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The Archaeology of South-East Italy in the First Millennium BC

Greek and Native Societies of Apulia and Lucania between the 10th and the 1st Century BC

Douwe Yntema

312 pages
Amsterdam University Press
Synthesizing some 30 years of archaeological research in south-east Italy, this book discusses a millennium that witnessed breathtaking changes: the first millennium BC. In nine to ten centuries the Mediterranean societies changed from a great variety of mostly small entities of predominantly tribal nature into the enormous state currently indicated as the Roman Empire.
This volume is a case study discussing the pathway to complexity of one of the regions that contributed to the formation of this large state:south-east Italy. It highlights how initially small groups developed into complex societies, how and why these adapted to increasingly wide horizons, and how and why Italic groups and migrants from the eastern Mediterranean interacted and created entirely new social, economic, cultural and physical landscapes. This synthesis is based on research carried out by many Italian archaeologists and by research groups from quite a variety of other countries.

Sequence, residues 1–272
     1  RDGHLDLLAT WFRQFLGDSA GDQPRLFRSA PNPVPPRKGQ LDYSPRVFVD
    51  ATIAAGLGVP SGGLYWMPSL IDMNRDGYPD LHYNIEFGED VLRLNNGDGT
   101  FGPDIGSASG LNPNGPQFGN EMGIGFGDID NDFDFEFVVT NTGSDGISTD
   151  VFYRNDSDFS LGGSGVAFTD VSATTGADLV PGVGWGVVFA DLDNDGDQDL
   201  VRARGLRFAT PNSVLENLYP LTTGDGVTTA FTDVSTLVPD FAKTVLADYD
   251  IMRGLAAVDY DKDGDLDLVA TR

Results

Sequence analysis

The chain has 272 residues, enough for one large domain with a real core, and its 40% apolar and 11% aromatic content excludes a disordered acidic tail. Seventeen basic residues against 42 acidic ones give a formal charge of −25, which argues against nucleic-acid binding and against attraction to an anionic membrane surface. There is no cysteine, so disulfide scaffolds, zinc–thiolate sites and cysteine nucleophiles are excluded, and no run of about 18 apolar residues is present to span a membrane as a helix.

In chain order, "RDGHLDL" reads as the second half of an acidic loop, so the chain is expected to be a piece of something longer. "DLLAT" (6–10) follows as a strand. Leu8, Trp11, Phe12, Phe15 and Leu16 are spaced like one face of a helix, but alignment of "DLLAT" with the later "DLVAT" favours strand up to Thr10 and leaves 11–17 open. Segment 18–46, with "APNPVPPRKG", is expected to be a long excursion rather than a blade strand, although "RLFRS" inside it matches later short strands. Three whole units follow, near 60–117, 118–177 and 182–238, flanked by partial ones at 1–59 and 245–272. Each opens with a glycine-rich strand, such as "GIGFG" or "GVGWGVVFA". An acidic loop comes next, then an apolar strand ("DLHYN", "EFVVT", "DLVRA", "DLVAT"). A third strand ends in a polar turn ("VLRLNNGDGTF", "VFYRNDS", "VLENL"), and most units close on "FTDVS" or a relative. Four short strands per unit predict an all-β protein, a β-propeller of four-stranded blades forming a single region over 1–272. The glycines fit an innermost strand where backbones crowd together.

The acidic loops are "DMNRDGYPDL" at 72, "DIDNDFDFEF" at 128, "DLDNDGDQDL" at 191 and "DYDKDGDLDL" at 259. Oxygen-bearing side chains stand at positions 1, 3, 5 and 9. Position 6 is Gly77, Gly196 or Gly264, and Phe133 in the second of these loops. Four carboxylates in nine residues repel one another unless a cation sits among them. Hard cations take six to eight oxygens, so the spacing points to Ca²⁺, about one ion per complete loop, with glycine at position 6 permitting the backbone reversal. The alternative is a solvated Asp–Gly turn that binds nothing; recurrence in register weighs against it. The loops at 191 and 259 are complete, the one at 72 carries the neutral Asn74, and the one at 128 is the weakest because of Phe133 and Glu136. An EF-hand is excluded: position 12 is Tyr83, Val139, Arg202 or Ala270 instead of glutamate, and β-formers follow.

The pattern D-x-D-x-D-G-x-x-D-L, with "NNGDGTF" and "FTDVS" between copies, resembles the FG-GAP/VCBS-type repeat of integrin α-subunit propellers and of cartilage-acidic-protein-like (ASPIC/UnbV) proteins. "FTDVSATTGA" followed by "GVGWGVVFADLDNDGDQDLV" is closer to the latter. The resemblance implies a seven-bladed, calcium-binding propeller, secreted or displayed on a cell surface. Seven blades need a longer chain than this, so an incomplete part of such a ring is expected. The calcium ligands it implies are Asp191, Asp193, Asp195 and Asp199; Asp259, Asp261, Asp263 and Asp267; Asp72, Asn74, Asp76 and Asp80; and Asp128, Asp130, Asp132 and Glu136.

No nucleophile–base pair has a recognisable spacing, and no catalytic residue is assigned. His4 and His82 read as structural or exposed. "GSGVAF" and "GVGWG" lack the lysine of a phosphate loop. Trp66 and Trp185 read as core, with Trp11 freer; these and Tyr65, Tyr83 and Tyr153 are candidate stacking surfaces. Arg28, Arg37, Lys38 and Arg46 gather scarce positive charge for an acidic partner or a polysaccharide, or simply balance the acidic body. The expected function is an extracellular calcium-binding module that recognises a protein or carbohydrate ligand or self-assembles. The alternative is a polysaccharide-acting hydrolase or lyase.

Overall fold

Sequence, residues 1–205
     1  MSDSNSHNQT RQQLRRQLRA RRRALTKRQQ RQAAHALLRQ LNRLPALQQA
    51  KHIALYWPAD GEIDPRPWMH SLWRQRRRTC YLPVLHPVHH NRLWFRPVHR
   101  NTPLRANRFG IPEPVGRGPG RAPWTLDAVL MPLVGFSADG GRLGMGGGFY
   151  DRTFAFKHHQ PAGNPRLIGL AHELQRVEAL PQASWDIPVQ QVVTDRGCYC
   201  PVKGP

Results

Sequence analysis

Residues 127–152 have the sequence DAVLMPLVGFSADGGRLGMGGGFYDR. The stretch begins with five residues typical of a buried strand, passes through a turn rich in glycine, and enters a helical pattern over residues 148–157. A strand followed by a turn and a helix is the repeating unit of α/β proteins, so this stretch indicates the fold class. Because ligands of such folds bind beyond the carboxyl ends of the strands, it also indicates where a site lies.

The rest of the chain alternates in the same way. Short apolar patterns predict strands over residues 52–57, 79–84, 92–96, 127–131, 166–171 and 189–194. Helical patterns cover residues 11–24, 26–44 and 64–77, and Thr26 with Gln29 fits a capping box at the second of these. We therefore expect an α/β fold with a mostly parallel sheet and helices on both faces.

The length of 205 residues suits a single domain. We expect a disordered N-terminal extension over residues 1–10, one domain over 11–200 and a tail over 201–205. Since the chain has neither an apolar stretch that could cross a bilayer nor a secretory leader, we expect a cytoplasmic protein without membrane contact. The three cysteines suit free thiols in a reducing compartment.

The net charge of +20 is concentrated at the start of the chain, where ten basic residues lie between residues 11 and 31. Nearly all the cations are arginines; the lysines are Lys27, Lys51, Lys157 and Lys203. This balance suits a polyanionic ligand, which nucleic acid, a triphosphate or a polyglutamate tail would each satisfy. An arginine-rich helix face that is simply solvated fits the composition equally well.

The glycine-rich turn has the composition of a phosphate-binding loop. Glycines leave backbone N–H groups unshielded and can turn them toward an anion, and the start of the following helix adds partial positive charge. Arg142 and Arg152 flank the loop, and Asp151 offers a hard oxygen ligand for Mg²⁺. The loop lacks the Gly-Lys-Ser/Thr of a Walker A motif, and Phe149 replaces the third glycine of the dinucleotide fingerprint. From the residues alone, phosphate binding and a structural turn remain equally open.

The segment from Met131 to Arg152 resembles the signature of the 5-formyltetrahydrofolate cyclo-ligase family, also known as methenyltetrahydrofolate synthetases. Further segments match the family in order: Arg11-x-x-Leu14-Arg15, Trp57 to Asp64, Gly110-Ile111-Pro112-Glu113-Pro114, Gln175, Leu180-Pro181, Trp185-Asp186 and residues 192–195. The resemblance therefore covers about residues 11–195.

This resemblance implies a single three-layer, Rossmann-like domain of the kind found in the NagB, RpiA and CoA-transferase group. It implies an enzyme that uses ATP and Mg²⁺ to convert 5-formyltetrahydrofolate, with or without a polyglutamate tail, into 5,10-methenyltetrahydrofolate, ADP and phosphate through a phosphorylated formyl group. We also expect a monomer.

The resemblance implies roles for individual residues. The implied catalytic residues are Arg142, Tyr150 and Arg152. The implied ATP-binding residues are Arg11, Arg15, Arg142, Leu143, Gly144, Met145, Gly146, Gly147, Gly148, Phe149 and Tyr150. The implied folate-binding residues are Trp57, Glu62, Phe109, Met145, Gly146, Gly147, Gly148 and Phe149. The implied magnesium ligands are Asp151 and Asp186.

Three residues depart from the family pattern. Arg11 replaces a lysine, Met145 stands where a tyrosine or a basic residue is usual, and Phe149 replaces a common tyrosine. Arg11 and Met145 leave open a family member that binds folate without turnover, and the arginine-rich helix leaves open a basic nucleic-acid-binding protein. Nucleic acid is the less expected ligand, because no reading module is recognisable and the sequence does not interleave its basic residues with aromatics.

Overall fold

Amsterdam Archaeological Studies is a series devoted to the study of past human societies from the prehistory up into modern times, primarily based on the study of archaeological remains. The series will include excavation reports of modern fieldwork; studies of categories of material culture; and synthesising studies with broader images of past societies, thereby contributing to the theoretical and methodological debates in archaeology.
Author Bio
Douwe Yntema is professor of Mediterranean Archaeology and member of the Research Institute CLUE at the Vrij University Amsterdam , as well as fellow of the Royal Netherlands Academy of Arts and Sciences.